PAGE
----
When people struggle to afford food, clothing and shelter, they often lack the resources to pay for health insurance. When these people need medical care, they can encounter serious financial hardships. Even after the passage of the Affordable Care Act, also known as "Obamacare," many people still can't afford quality health insurance. Many programs, both government-run and privately sponsored, can help indigent patients cover the costs of their medical expenses, dental procedures and prescription medications.
Charity Care Programs
Many for-profit and non-profit medical care facilities offer "indigent care" or "charity care" programs for indigent patients. These charity care programs function as a health care safety net for those patients who cannot afford private insurance or are ineligible for government-financed programs such as Medicaid/CHIP and Medicare. The level of health care benefits and the income eligibility requirements vary among the different providers, but these programs are designed to offer essential treatments at little to no cost to patients.
Medicaid and CHIP
The government-operated Medicaid program furnishes health insurance coverage to almost 60 million low-income individuals. Medicaid is among the largest payers for health care in the U.S. Starting in 2014, the Affordable Care Act allowed states the ability to extend Medicaid eligibility to people younger than 65 in families with incomes below 133 percent of the Federal Poverty Level. The Children's Health Insurance Program, better known as CHIP, gives federal matching funds to state programs that offer health insurance coverage to almost 8 million children in families who can't afford private coverage but who also have incomes above the qualifying level for Medicaid.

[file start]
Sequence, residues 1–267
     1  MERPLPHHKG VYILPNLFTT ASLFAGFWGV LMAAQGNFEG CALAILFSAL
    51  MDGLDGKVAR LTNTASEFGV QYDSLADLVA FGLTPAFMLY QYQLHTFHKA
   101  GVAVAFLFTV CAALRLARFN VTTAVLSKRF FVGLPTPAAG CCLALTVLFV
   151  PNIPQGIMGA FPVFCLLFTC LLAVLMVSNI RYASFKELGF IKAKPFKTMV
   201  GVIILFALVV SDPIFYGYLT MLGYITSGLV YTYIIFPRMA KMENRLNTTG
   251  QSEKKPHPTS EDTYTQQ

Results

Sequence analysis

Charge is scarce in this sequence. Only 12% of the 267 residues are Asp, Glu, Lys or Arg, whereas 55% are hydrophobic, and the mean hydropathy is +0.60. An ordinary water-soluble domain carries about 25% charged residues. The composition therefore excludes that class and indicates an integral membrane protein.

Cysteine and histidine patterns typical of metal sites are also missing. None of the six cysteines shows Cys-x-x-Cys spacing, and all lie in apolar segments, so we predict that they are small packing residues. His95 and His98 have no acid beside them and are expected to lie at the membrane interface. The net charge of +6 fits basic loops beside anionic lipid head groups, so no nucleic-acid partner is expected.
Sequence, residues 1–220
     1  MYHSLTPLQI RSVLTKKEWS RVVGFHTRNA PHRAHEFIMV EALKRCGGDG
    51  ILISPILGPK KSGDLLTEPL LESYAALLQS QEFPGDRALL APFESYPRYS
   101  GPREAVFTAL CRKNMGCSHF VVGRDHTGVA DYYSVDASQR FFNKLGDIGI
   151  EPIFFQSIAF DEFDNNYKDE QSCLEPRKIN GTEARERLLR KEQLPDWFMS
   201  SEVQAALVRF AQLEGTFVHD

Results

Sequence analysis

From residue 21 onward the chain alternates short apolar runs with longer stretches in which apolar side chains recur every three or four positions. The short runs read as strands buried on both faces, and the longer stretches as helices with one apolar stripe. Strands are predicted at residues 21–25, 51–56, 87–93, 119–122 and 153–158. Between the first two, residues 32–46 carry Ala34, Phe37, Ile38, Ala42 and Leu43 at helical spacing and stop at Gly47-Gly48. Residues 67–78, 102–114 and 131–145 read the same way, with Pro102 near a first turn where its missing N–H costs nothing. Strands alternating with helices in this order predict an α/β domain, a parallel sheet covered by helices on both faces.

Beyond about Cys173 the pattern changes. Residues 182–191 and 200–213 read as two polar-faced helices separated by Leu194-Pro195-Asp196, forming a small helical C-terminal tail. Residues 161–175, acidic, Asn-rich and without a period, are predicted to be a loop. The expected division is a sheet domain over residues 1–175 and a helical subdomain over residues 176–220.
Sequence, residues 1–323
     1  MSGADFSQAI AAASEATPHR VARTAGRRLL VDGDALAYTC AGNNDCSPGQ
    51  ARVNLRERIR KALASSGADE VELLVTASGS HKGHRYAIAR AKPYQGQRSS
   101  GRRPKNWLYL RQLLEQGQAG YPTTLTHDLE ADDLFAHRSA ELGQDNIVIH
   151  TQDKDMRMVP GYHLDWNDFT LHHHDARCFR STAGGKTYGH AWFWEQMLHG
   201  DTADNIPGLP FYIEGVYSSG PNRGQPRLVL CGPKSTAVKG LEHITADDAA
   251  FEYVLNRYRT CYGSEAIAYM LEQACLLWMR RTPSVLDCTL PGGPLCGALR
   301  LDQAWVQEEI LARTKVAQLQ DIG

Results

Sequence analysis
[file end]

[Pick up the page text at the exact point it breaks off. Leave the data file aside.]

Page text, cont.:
Community Health Clinics
Many indigent patients can find free or affordable health care resources at their local community clinics and health centers. The National Association of Community Health Centers provides health care services to an estimated 23 million patients across America. Health care workers in their 9,000 locations work with uninsured, unemployed or under-employed patients. These community health care centers allow patients to get tested or treated when symptoms first appear at little to no cost. The treatment available at these centers prevents patients from waiting until their health issues become so severe that they must endure a costly emergency room visit or an expensive hospital stay.
Indigent patients who require prescription medications as part of their treatment schedule can also get help in covering their expenses. While most government-run programs offer prescription drug assistance, several pharmaceutical companies also offer patients the opportunity to use their products at little to no cost. The eligibility criteria can vary from program to program, so patients should consult their health care provider or pharmacist to find out how they can apply for these programs and get the medications they need.
- AcademyHealth: The Future of U.S. Charity Care Programs - Implications of Health Reform
- Medicaid: About Us
- National Association of Community Health Centers, Inc.: About Our Health Centers
- National Center for Biotechnology Information: Medication Assistance Programs for Uninsured and Indigent Patients.
Living in Houston, Gerald Hanks has been a writer since 2008. He has contributed to several special-interest national publications. Before starting his writing career, Gerald was a web programmer and database developer for 12 years.